By Thu Ngo
A slight steering away from the Korean fatherhood for today.
On searching information for my part 2, Fatherhood in Vietnam and how it is represented in the reality show, I came across an article on the OPPO “Fatherhood” tied to the brand’s sponsorship for the Vietnamese ver of “Dad, Where Are We Going?”.
Created by BBDO Vietnam, the two TV commercial videos deliver a message that “Fatherhood takes two hands,” depicting moments a father and his kid share without any aid of technology. Or, a smartphone company makes an ad to discourage their customers to use their products.
The OPPO ads somehow resonates with emotional advertisements of Thailand which have become viral through YouTube these days. It seems that every other day there’s a new weepie that tugs at the heartstrings. The most recent: “The Power of Love,” a commercial from Y&R for DTAC portraying a new father being panicked when seeing his Junior crying and having to try to use technology to make the baby stop crying — until he realizes that no touchscreen can compete with the human touch. Another message from a telecom provider urging people to put down their smartphones.
It seems like the Disconnect-to-Connect theme is favoured in advertisements for technology products in Asia market. And in fact, not only technology. Insurance, banking service also join the league of tear-jerking commercial ads which obviously emphasise on “human touch”, “human relationship”, “intimacy” ~ something very human.
It’s increasingly easy to go about our daily life with minimal interaction with real human beings. Chances to exchange small talk or a friendly smile are evaporating as businesses automate their services to be more efficient and profitable. You can stay home, and order everything you need online. If you call a business, you’ll likely get an automated recording, encouraging you to press 1 for this or 2 for that.
Let’s say you do leave your home. Many businesses now have self checkout options, and those will likely grow. This just reminds me of my time in Tokyo. Despite my Japanese language illiteracy, I did not find myself struggling much to use any kind of services ranging from buying a cup of coffee in the convenience store to booking museum tickets. Why? Everything is designed for self-service! And the main point is I find it super duper convenient: I don’t have to bother people but still have my job done. But yep, it is very robotic manner when the whole society acts the same way with no verbal communication.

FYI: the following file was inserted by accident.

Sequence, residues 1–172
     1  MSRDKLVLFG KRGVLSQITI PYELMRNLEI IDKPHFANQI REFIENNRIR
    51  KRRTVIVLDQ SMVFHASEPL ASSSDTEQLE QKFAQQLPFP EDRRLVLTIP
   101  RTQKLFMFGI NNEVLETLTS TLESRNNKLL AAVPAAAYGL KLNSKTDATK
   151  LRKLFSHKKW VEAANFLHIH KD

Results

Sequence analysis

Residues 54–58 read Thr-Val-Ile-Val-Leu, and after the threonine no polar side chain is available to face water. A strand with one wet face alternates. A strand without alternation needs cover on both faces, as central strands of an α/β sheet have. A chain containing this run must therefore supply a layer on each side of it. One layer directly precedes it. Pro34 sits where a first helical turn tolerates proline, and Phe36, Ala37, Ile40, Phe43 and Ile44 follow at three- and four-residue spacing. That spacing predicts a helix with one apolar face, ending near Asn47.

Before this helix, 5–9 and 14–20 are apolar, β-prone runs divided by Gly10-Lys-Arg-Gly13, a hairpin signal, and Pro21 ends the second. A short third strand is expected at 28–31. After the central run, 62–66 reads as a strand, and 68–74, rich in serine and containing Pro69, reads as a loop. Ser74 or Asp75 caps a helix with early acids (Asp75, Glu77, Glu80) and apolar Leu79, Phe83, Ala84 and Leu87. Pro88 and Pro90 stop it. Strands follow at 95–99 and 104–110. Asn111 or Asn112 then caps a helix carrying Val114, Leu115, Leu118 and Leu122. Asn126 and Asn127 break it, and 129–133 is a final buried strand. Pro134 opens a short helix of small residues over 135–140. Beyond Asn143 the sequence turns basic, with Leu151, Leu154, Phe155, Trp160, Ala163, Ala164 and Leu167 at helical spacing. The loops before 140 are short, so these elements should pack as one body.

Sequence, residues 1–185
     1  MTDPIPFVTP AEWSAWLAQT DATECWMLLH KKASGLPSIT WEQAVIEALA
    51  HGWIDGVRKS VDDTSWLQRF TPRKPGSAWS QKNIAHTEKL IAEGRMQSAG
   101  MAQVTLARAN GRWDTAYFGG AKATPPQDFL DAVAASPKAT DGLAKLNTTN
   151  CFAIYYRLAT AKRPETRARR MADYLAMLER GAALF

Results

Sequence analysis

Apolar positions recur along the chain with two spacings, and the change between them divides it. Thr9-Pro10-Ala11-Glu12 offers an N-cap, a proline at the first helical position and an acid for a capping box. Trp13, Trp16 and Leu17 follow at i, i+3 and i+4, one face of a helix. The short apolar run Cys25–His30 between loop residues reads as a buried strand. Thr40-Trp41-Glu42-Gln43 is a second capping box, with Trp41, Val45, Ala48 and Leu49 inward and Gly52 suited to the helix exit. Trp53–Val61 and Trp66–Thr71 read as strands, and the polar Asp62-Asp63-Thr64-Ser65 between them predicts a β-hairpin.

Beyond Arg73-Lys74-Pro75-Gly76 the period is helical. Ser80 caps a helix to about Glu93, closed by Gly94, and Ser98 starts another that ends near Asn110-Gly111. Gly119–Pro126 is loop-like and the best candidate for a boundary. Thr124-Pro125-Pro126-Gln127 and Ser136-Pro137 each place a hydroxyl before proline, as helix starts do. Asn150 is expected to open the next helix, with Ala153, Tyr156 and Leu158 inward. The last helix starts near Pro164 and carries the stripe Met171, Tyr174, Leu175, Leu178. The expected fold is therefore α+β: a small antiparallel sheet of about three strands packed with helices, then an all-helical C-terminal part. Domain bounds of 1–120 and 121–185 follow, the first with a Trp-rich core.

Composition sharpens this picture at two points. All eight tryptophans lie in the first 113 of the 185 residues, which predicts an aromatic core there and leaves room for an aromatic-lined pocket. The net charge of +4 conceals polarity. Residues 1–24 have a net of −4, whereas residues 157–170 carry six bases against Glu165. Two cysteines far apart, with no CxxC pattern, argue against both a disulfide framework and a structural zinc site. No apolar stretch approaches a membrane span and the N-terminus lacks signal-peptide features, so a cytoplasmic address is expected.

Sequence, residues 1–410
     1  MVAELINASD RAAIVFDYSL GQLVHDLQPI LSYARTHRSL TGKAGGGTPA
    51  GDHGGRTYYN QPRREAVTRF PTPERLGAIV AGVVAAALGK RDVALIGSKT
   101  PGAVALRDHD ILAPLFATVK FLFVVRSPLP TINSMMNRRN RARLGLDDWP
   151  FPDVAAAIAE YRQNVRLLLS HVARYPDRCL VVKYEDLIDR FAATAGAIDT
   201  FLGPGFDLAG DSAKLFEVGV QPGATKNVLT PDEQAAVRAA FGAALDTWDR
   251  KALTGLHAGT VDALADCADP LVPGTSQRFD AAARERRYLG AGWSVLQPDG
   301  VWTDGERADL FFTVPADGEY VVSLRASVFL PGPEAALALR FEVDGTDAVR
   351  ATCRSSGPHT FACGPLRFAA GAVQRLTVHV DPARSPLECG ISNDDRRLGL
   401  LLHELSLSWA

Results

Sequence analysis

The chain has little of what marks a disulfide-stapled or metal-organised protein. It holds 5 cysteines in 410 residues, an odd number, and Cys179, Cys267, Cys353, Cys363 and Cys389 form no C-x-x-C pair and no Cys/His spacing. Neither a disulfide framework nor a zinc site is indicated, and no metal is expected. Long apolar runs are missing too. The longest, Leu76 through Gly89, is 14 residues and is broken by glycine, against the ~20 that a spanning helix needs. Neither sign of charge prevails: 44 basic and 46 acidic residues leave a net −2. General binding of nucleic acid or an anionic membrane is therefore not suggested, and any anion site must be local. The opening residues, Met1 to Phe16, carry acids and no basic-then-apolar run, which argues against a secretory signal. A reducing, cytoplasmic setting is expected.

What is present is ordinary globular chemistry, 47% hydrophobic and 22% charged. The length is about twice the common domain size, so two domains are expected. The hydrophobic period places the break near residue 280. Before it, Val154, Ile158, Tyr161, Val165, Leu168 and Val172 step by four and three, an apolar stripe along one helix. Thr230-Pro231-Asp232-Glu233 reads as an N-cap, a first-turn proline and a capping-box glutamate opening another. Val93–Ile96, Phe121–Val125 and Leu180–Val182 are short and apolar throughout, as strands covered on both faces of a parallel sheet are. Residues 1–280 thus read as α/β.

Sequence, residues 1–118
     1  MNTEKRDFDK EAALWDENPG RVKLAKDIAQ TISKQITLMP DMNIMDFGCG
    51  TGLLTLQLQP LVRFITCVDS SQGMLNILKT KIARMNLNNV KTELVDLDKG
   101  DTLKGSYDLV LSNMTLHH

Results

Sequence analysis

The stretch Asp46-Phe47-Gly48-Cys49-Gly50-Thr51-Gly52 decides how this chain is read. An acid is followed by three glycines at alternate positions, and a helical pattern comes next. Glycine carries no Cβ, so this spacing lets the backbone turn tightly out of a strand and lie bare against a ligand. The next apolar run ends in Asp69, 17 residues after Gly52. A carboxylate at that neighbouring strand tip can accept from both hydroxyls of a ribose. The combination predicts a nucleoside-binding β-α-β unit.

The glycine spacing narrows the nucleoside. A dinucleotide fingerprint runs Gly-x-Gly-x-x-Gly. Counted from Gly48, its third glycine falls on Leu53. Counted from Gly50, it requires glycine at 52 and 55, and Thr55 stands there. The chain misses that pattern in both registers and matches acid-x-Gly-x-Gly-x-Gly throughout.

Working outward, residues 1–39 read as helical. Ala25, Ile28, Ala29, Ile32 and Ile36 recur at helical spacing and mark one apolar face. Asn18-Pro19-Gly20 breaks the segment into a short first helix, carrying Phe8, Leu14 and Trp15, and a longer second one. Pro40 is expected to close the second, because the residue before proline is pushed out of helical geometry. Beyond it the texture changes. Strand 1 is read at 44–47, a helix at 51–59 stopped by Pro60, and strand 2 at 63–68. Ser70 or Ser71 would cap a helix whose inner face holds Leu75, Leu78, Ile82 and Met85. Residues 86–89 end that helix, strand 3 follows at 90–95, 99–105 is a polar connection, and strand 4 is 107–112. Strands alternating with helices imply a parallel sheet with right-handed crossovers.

Looking at the economic landscape of Vietnam today, it is not difficult to realise tech industry is mushrooming faster than ever. Tech startups, software outsourcing companies, e-commerce websites, and mobile app and video game developers are like tides, one after one emerging and penetrating further and further into daily lives of every one. According to Appota’s projection for 2015, Vietnam will witness the rise of global mobile chat applications from local one Zalo to global ones like WhatsApp, LINE, Viber, and Facebook Messenger. Taxibooking apps will enter a heated war and increasing visibility of retailers in mobile marketing. With 22 millions smartphone users in 2014, in short, now is the time to go mobile in Vietnam.
Though technology landscape of Vietnam is still far away from Silicon Valley, from manufacturing humanoid robots like what Japan has been doing for ages, such rapid boom of online services promises that a daily life where man-to-man interactions are phased out to zero is not so far away. At least, again in my case, now I can hardly arrange a meeting with people within my division mainly because of their mindsets: It’s the age of technology! Why do we need to see each other when works can be assigned via email?
So, perhaps this should not be a story of weepie advertisements. This should be a story of how brands and companies can balance the human and technology elements in not only their marketing strategies but also their R&D activities. Instead of chasing images of smart-looking people working in glossy glass-walled buildings holding smartphones, using state-of-art automatic electronic devices, scale the human touch ~ add more humane values to their products, or at least to the way their products are advertised and sold.
Having said all of these things, I would like to end this entry by diverting back the story to the theme Fatherhood with a successful viral marketing campaign of Dove Men+Care soap. The #RealDadMoments campaign from Dove Men+Care was set to coincide with Father’s Day 2014. The video was a bit of a tear jerker at times, kinda silly at others, but all showed the range of emotions that everyone goes through. Yes, EVERYONE. That’s the point.